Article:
Voters, according to a Quinnipiac University poll released Wednesday, support Bloomberg's plan to balance the budget by freezing city workers' wages, but are mixed on his push to trim city services instead of raising taxes.
Just 43% of voters would raise taxes to balance the budget, down 10 points from a year ago.
About 45% would cut services, up 6 points from a year earlier. While 63% of voters would support a wage freeze, 63% are also opposed to laying off city workers.
Bloomberg's proposed budget eliminates raises for most city workers, and lays off 834 of them.
Just 61% of New Yorkers surveyed approve of the job Bloomberg is doing, down from 67% in September and 75% in October 2008.
The last time he was at that level was July 2005, when he had a 60% approval rating heading into his first re-election bid.
Bloomberg won re-election last fall by a 4.4-point margin, and said he was hurt by the same anti-incumbent sentiment that has tossed pols from office around the country.
Quinnipiac pollster Mickey Carroll said the voter dissatisfaction is real - and Bloomberg has suffered from it.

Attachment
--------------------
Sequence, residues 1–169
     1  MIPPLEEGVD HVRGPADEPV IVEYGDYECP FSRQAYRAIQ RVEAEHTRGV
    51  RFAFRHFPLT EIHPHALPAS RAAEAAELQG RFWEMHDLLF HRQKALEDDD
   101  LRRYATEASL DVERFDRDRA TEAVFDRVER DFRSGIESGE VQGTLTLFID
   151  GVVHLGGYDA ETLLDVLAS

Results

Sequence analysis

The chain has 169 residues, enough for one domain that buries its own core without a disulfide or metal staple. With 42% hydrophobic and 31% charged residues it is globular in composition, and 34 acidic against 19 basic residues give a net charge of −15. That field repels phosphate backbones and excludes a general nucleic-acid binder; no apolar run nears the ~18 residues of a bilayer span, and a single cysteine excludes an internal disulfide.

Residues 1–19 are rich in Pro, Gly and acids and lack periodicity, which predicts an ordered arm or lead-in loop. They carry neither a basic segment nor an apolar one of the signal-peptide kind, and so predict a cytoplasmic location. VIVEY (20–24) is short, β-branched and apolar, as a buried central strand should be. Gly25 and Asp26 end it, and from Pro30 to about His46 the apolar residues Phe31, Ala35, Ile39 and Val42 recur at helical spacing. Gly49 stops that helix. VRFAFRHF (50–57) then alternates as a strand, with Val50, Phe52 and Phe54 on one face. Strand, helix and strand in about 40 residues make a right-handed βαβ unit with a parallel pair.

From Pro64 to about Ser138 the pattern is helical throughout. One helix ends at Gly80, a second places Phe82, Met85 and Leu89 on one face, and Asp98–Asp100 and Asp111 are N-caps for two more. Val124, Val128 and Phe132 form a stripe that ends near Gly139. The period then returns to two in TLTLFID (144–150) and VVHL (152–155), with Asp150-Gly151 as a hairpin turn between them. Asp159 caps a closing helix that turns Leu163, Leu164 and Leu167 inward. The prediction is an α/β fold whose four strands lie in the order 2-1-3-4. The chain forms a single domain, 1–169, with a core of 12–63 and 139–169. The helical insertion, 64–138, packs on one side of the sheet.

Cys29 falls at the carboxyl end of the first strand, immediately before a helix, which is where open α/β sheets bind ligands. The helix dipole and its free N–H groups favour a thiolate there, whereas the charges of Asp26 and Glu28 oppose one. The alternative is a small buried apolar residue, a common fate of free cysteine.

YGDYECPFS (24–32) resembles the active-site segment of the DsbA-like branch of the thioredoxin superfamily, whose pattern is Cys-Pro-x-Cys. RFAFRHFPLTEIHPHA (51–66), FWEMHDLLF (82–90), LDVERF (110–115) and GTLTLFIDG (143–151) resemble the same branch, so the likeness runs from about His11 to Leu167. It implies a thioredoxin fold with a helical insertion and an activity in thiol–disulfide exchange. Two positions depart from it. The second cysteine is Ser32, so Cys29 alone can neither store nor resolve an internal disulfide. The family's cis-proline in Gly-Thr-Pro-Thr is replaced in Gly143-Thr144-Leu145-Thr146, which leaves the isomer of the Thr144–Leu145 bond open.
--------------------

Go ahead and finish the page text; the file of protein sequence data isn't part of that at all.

"For Mayor Mike, 60 is the new 70," Carroll said. "The man who cruised through his second term with 70 percent approval ratings should be happy if he can stay above 60 percent in his third term."
Other city leaders don't even fare that well.
City Council Speaker Christine Quinn has a 44% approval rating after four years of running the Council.
New Controller John Liu also is at 44%, and new Public Advocate Bill de Blasio has 37%.
Controversial schools Chancellor Joel Klein is the only one in the poll more loathed than loved: 39% of voters approve of the job he's doing, and 40% disapprove.
The declines mirror a similar decline for President Obama, whose approval rating in the five boroughs is 72% - an enviable number for other pols, but the lowest since he took office.